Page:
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Veterinary Technology – Making a Difference One Animal at a Time


If you are someone who loves animals and the idea of working in the medical field, then veterinary technology may be a good career for you. A Registered Veterinary Technician (RVT) is trained to work under the supervision of a veterinarian or in other animal health related fields.

According to the Bureau of Labor Statistics, the job outlook for veterinary technicians is expected to grow 20% between the years 2016 – 2026; much faster than the average for all occupations.

What does a veterinary technician do?

Veterinary technicians must be trained to have knowledge and skills in all aspects of veterinary medicine.

Veterinary technicians perform tasks such as administering drugs, anesthesia, surgery preparation, drawing blood, giving vaccines and physical examinations. Veterinary technicians can work at private veterinary practices, medical centers, labs, animal hospitals, zoos, pharmaceutical companies, and/or in education.

What do you learn in a veterinary technology program?

Most veterinary technology programs give students the opportunity to earn an Associate in Applied Science in Veterinary Technology. The program provides training in animal husbandry and restraint, nursing, surgical preparation and techniques, drug administration, anesthesia, anatomy, laboratory techniques and radiography.

The two-year program allows students to study their general classes and be involved in many hands-on activities – which prepares them for their licensing exam while giving them clinical experience.

“Once they get into the second year of the program it really is almost all hands-on,” says Dr. Jennifer Wells, Chairperson of the Veterinary Technology Department at the University of Cincinnati Blue Ash College and past president of the Association of Veterinary Technician Educators (AVTE).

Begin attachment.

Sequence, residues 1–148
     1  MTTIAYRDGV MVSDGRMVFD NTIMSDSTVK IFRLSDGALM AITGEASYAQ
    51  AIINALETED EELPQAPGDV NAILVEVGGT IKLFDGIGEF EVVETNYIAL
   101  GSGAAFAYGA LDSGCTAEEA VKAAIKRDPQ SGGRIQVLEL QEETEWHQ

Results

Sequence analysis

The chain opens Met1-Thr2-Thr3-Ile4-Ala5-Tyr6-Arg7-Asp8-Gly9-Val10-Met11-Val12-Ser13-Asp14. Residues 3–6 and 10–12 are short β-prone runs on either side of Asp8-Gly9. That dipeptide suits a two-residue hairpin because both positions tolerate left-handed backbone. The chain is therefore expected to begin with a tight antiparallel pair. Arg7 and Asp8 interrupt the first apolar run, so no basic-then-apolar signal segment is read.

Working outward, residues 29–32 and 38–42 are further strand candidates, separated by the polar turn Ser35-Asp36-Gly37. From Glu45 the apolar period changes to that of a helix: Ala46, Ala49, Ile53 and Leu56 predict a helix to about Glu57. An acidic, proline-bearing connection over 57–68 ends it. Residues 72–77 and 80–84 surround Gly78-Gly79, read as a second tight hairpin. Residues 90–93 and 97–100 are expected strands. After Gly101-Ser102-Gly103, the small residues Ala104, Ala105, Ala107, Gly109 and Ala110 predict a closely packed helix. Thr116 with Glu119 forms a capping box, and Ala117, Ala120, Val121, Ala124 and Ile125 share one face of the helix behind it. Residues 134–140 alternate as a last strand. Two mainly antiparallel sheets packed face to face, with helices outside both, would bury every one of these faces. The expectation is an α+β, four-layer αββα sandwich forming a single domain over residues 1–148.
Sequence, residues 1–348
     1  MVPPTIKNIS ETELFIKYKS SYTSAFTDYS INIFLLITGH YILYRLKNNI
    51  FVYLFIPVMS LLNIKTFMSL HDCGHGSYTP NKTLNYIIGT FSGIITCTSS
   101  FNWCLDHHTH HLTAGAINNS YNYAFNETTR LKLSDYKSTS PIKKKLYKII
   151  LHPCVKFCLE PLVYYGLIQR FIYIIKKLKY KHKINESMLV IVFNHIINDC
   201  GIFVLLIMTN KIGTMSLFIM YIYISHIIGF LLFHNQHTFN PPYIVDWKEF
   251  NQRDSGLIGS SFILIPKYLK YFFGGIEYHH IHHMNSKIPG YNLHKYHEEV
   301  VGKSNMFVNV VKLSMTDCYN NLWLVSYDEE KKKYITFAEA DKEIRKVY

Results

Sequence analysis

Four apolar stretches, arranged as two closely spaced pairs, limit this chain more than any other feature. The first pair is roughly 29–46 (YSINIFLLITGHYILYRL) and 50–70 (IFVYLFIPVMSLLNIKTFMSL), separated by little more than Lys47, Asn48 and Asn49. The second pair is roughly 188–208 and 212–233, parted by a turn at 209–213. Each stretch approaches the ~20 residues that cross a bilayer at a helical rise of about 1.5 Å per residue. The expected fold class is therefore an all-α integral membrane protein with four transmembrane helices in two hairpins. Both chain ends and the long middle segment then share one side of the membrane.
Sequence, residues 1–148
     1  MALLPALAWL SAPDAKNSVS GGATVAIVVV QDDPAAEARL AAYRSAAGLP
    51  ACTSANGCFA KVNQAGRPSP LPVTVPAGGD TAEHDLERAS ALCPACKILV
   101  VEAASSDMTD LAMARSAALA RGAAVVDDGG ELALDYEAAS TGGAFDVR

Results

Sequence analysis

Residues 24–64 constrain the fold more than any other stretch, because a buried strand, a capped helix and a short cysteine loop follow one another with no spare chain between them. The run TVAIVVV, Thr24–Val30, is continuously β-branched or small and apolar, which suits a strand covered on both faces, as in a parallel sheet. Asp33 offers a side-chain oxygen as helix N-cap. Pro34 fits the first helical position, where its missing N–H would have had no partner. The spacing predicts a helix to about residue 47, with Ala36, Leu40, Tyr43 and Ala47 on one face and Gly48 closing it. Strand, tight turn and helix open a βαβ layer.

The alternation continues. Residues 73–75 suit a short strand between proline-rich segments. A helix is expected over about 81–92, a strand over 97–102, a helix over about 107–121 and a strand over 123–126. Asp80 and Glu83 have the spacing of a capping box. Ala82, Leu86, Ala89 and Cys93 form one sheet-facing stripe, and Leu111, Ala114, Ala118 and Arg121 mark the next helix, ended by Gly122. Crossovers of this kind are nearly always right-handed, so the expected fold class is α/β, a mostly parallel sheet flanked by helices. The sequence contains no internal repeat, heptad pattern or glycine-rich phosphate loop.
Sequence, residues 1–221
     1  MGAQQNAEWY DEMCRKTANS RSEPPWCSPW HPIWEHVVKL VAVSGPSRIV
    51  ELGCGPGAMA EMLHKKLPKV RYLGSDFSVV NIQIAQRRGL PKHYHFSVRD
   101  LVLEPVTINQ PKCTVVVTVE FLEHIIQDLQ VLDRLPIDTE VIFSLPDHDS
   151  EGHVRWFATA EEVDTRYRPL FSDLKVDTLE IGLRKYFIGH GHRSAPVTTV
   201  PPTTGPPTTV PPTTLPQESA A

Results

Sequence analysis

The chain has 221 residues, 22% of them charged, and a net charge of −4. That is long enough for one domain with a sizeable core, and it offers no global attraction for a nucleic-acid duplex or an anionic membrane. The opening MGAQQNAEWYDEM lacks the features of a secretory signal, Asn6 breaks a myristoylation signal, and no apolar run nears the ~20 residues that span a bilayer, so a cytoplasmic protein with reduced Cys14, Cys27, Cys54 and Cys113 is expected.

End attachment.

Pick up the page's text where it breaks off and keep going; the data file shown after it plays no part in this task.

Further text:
How do I become a veterinary technician?

Before students can become licensed veterinary technicians, they must pass a licensing exam and graduate from a program accredited by the American Veterinary Medical Association (AVMA).

The AVMA webpage states “Accreditation by the AVMA Council on Education and Committee Veterinary Technician Education and Activities represents the highest standard of achievement for veterinary medical education in the United States.”

One of the reasons that Vicki Morris, who is in her second year of the program, chose to study veterinary technology at UC Blue Ash was the high success rate of the students passing their boards.

“National averages on the Veterinary Technology Licensing Exam tend to be in the 60 to 70 percentile and our students are consistently performing above that level,” says Dr. Wells.

Students at UC Blue Ash generally score in the upper 80s to lower 90s, explains Dr. Wells. “We’ve had some years where we’re close to 100 percent,” she says.

How to find a program that is right for you.

When deciding to go back to college, Lindsey Hird thought long and hard about her decision to attend UC Blue Ash and study veterinary technology.

“When I started researching veterinary technology, it didn’t take long for me to realize how great the program was at UC Blue Ash,” says Hird, who graduated in spring 2018. “Not only is it one of the best programs in the country, but it was just minutes from home.”

The Veterinary Technology Program at UC Blue Ash gives students the skills and tools they need to become a licensed veterinary technician.

While in the program, students are able to perform radiographs on animals, practice drawing blood, apply catheters, give vaccinations and put animals under anesthesia so that they can be spayed or neutered. These are all skills that Dr. Wells says students will use on a daily basis once they graduate.

Now working as a RVT, Kayla Scuitto says much of what she learned in the program applies directly to her career today. Sciutto graduated from the Veterinary Technology Program in 2016.

For anyone looking to apply to the program, Sciutto and Hird say to go for it. For more information and how to apply visit the webpage.

About Lori Rinehart

Lori Rinehart is the Communications Intern at UC Blue Ash for the 2018-19 academic year. Lori studies Journalism and Spanish at the University of Cincinnati Uptown campus.